BFA reports: Asian economy recovers but under shadow of protectionism

Asian economies began to stabilize with good momentum in the past year, thanks to the global economic recovery. But rising protectionism is casting a shadow in 2018 according to three major reports on the continent that were released by the Boao Forum for Asia (BFA) on Sunday. 


Asia was a global highlight in 2017 with its economic development presenting a picture of general prosperity, according to the BFA Asian Competitiveness Annual Report. 


Top 10 Most Competitive Asian EconomiesSource: BFA Asian Competitiveness Annual Report 2018

But in recent years, many major economies in other parts of the world have decreased their trade dependence on Asia, according to BFA Progress of Asian Economic Integration Annual Report. 

The capital flow from Asia to the US and European Union, and strengthened capital controls in some Asian economies have been negative for the integration of Asian economic integration, Lin Guijun, vice president of the University of International Business and Economics (UIBE), said at the press conference on Sunday. 

Meanwhile, anti-globalization, trade protectionism and populism have been making a great clamor recently and integration can help Asia face these challenges, Zhou Wenzhong, the BFA secretary-general told reporters.

History has shown that protectionism is a dead end and no nation can solve its economic problems through protectionism, Zhou said, noting it is uncertain how long the Trump administration in the US can uphold its tariff approach to trade.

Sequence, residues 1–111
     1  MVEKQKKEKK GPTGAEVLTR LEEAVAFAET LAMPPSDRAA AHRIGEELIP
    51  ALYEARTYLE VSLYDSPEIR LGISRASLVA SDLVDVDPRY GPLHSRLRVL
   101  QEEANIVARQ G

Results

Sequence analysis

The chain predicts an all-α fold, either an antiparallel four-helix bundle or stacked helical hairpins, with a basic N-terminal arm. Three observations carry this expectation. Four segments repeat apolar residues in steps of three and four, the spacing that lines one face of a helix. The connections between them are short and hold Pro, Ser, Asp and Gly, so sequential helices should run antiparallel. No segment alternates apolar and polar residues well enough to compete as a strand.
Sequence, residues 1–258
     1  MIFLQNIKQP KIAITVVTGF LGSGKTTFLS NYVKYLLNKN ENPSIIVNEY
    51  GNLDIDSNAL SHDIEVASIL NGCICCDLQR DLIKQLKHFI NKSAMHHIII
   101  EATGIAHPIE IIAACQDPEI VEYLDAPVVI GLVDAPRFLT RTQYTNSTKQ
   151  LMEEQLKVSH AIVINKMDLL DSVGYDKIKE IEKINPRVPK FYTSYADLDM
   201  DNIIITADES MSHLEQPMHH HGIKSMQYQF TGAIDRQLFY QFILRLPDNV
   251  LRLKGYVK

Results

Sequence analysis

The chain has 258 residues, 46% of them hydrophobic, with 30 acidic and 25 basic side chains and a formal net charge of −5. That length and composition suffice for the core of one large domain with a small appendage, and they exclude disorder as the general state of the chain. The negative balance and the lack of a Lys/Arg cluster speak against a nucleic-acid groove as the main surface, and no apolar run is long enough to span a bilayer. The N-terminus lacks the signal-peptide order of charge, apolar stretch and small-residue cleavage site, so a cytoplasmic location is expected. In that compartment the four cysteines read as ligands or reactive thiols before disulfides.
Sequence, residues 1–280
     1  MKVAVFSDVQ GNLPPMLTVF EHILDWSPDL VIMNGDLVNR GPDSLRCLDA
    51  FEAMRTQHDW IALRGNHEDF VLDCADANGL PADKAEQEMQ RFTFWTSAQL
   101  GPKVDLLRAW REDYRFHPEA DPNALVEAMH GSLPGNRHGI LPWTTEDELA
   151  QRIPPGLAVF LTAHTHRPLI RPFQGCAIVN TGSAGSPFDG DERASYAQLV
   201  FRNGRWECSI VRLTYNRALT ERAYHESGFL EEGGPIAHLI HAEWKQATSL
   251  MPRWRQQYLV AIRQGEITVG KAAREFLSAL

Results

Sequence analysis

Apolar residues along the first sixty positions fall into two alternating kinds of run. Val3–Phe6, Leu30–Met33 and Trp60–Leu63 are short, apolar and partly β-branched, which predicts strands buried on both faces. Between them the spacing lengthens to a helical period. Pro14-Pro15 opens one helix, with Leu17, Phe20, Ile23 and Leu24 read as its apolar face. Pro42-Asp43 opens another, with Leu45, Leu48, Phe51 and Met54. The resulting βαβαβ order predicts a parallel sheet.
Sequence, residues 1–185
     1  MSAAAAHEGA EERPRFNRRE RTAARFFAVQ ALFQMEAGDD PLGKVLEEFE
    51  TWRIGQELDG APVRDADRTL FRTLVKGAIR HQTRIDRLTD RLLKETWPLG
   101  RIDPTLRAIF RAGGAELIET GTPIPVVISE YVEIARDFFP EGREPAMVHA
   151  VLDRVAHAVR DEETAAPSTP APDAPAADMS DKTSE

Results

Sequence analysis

Trump gave the wrong solution to the US' economic problems, which are caused by a low household saving rates and overconsumption, instead of global trade, he said. 

“Free trade drives economic growth,” Lin said. He emphasized that China will be further open to the global market, citing the first China International Import Expo to be held in Shanghai in November. 

Although Asia's economic development and integration are challenged by trade protectionism, the continent still has huge potential if its members can be more open to each other, Zhang Yuyan, director of Institute of World Economics and Politics at Chinese Academy of Social Sciences, said at the press conference. 


Source: BFA Development of Emerging Economies Annual Report 2018

Emerging markets (not limited to Asia) accelerated significantly in 2017. 

E11 - the 11 major emerging-market economies in the Group of 20 - saw 5.1 percent year-on-year GDP growth, the first upsurge since 2011, according to the BFA Development of Emerging Economies Annual Report.